Japan's military begins training for new overseas missions
In a further shift in Japan's pacifist postwar security policy, the military has begun training to carry out new missions overseas.
Defense Minister Tomomi Inada announced the change for the Self-Defense Forces, saying units would start training Thursday.
"It's natural to make the proper preparations to respond under any circumstances," she said Wednesday in a briefing.
Under revised security legislation that took effect earlier this year, Self-Defense Force troops will train for a United Nations peacekeeping mission in South Sudan starting in November. That will include troops potentially using weapons to rescue UN staff, and joining troops from other nations in defending the barracks of peacekeepers if they come under fire.
The laws to expand the role of the military were revised after Prime Minister Shinzo Abe's cabinet reinterpreted the nation's pacifist constitution. Previously, Japanese peace keepers could only use their weapons to defend themselves if attacked, and that was "limited to the minimum necessary to protect the lives of personnel."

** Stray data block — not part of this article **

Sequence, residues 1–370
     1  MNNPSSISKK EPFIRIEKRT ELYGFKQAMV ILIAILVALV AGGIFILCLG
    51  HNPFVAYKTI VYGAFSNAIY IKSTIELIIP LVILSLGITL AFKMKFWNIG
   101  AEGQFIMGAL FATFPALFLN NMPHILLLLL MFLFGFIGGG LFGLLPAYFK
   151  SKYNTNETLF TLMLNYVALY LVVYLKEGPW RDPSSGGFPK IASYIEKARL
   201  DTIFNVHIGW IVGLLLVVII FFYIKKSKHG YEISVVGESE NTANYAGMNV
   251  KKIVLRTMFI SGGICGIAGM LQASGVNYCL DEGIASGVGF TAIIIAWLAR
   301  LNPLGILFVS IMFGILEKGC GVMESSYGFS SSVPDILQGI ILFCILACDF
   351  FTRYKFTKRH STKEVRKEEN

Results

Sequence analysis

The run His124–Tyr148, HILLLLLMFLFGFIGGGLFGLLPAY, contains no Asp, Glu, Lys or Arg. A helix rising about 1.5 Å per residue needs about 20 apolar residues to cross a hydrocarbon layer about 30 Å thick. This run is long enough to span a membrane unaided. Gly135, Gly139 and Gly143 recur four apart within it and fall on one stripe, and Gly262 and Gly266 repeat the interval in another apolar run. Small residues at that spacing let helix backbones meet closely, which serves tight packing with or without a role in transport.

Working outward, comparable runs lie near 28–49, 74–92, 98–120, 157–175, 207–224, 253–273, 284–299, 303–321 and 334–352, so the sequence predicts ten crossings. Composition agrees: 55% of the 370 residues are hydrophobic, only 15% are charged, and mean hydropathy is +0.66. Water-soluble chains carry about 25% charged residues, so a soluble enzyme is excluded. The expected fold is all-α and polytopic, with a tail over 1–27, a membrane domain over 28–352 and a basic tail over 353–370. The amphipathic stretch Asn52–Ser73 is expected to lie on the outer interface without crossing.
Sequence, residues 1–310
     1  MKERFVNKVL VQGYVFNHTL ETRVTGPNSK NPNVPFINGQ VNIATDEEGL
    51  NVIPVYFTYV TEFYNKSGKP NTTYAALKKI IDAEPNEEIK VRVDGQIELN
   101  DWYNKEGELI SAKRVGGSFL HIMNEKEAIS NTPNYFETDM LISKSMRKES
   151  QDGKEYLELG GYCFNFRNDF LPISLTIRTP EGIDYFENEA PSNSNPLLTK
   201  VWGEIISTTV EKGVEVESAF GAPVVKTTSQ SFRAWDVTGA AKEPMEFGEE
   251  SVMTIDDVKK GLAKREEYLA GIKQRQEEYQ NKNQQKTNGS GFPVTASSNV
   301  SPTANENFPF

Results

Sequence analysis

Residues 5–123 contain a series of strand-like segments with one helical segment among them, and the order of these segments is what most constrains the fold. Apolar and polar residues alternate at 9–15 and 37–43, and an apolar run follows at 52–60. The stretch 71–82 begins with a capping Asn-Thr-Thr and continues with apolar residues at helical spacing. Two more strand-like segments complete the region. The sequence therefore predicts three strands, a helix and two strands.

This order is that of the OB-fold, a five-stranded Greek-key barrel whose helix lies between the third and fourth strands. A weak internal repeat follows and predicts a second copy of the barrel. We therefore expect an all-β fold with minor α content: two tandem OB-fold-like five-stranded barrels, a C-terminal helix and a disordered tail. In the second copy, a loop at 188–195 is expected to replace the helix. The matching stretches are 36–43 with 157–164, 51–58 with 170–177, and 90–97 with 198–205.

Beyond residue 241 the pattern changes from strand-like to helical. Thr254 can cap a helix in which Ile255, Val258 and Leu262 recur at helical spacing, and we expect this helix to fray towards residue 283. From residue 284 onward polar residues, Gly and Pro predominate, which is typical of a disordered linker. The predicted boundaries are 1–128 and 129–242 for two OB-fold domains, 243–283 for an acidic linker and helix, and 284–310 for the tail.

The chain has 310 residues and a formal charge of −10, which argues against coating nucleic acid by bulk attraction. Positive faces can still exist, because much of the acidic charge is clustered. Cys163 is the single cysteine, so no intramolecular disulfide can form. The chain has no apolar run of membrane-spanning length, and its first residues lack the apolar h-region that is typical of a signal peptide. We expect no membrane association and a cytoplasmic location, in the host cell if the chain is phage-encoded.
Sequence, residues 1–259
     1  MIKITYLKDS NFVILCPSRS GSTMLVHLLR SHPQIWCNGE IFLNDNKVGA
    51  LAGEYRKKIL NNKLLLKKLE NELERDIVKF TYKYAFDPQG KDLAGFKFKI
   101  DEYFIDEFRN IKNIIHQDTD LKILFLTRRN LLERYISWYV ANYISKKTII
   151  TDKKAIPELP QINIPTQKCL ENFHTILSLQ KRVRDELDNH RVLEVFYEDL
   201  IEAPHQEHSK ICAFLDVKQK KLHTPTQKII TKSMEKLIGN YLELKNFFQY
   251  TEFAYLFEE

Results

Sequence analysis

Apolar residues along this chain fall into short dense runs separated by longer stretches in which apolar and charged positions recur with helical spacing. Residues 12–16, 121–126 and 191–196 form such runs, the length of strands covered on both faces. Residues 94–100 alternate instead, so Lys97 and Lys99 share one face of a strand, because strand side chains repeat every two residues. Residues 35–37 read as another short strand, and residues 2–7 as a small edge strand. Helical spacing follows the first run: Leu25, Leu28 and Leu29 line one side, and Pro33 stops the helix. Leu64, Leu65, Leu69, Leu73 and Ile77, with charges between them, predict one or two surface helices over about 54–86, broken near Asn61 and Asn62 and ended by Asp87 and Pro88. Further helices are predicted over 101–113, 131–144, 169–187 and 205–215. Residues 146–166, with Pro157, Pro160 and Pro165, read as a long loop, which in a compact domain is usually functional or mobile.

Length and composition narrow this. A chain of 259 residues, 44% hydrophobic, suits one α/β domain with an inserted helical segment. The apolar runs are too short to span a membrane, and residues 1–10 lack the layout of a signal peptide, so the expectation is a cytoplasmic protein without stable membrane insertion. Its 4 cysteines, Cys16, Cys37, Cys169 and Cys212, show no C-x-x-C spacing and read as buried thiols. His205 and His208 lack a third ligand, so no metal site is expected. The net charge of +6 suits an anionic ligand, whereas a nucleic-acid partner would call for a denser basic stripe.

"It does eventually allow Japan for the first time to come to the rescue for other nations," said Michael Cucek, an adjunct fellow at Temple University's Japan campus. "Basically, until now Japan was a lead weight on peacekeeping operations."
The move could prove controversial in a nation so attached to its pacifist beliefs in the decades since World War II. Huge crowds gathered outside Abe's office last summer to protest the passage of security legislation.
Still, "it shouldn't become a political crisis because most Japanese actually agree with the expansion of peacekeeping operations," Cucek said.
The Self-Defense Forces, founded in the 1950s, were initially limited to fending off any attack on the country's islands. Japan began making changes after criticism from some analysts during the 1990-1991 Iraq war for contributing $13 billion but no troops.
It took part in later UN peacekeeping operations and sent non-combat troops to the second Iraq war for a reconstruction mission. Each step toward full militarization has been met with unease among ordinary Japanese.